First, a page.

Hand raising questions...

Discussion in 'Pigeons and Doves' started by cochinGurl, Jun 24, 2011.

  1. cochinGurl

    cochinGurl Chillin' With My Peeps

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    bellingham
    hello, i have a few questions about hand raising baby pigeons. are they as demanding, as say, baby bunnies? feeding every half hour or so, or can you fill their crop and they'll be good for a while? does anyone on here have expirience with this task? I had a VERY tame iranian high flyer named lucky who was hand raised. he was so sweet, he would come and land on your shoulder and all that. [​IMG] I would like to hand raise one or two eventualy, but i am wondering about the basic requirements. ive vistited sevral websites on the subject, but havent got a lot of info. is it a 24/7 job, or more relaxed. dont get me wrong, its not that im trying to take the easy way out lol i once fed a parapelegic narcaleptic easter egger hen for 3 months with an eye dropper before her owners wanted her back and decided to put her down. anyway, any advise would be great!!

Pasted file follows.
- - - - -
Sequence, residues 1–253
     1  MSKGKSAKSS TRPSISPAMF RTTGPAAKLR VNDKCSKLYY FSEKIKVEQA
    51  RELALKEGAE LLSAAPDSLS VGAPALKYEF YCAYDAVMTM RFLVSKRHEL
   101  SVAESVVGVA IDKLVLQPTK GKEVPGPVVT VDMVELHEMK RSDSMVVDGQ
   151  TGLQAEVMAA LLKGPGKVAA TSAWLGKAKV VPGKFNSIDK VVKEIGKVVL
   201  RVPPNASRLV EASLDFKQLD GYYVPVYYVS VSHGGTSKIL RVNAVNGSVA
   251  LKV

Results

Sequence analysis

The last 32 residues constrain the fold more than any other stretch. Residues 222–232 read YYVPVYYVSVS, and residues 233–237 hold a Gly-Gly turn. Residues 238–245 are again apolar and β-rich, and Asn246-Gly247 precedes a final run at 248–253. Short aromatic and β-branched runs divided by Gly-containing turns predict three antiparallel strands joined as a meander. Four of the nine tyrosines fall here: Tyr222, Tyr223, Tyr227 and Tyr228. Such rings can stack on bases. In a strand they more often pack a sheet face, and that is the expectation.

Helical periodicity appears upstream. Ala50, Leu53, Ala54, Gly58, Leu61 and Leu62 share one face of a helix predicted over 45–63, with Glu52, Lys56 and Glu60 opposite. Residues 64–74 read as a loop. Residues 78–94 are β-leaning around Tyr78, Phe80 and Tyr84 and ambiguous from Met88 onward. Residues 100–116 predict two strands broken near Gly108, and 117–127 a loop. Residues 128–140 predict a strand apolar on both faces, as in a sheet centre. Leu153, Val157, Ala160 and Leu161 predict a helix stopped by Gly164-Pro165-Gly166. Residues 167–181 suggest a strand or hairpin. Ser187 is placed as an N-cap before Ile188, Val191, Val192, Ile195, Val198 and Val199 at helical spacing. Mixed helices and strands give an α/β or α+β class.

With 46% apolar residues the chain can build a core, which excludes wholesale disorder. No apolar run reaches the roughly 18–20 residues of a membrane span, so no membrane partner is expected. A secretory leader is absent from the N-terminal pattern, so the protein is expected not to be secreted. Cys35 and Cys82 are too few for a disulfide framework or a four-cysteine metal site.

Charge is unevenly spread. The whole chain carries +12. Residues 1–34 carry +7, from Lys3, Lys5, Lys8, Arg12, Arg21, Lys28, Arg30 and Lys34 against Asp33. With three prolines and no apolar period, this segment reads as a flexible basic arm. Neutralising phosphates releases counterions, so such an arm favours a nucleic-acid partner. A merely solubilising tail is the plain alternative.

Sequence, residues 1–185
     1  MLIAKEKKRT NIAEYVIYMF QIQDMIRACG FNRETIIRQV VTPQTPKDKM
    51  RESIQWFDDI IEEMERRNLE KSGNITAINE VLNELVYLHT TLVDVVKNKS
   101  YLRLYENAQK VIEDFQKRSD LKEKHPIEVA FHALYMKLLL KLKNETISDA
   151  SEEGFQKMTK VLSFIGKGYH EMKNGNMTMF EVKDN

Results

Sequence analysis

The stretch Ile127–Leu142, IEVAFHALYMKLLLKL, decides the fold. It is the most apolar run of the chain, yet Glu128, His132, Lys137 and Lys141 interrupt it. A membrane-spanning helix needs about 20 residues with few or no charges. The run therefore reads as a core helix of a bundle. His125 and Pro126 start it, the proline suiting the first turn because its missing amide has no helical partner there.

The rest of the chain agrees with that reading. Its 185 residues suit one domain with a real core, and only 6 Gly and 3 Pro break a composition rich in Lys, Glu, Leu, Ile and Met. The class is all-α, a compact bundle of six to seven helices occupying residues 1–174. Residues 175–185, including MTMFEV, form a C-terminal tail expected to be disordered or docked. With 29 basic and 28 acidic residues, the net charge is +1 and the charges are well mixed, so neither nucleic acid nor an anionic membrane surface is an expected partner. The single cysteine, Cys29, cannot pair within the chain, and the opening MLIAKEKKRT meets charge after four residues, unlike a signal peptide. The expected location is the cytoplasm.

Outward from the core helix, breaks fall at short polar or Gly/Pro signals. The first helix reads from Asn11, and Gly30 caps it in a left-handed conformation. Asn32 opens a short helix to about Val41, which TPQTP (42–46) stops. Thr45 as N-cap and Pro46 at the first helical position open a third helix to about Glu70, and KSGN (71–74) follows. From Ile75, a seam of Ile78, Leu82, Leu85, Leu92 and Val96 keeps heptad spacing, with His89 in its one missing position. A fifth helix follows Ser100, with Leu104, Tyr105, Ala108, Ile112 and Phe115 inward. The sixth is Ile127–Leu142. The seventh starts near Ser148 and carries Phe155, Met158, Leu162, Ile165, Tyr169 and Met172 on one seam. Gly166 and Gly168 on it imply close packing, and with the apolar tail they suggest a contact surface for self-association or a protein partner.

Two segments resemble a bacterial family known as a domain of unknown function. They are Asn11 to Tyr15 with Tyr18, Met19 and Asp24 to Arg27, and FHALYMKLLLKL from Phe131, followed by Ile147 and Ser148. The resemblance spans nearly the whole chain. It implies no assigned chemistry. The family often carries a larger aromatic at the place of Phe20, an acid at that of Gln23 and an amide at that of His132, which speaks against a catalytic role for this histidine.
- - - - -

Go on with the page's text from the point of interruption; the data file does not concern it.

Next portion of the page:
thanks so much, -cochingurl
     
  2. pheasantfreak

    pheasantfreak Chillin' With My Peeps

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    i have tried to hand feed a couple of times without any success they always end up dieing but good luck
     
  3. franciscreek

    franciscreek Chillin' With My Peeps

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    I have raised several the last couple of years. If you wait to feed till the crop is empty. It is a fairly easy process. We start them off with one of the parrot hand feeding formulas
    I found a syringe with a curved tip is easier than a spoon
     
  4. cochinGurl

    cochinGurl Chillin' With My Peeps

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    bellingham
    thanks so much for the replys. [​IMG] do you have to do it all night as well, or just during the day?
     
  5. Towman72gmc

    Towman72gmc Chillin' With My Peeps

    I've never done it but was told to keep the food very wet almost liquid, because they will get dehydrated otherwise
     
  6. punk-a-doodle

    punk-a-doodle Chillin' With My Peeps

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    Apr 15, 2011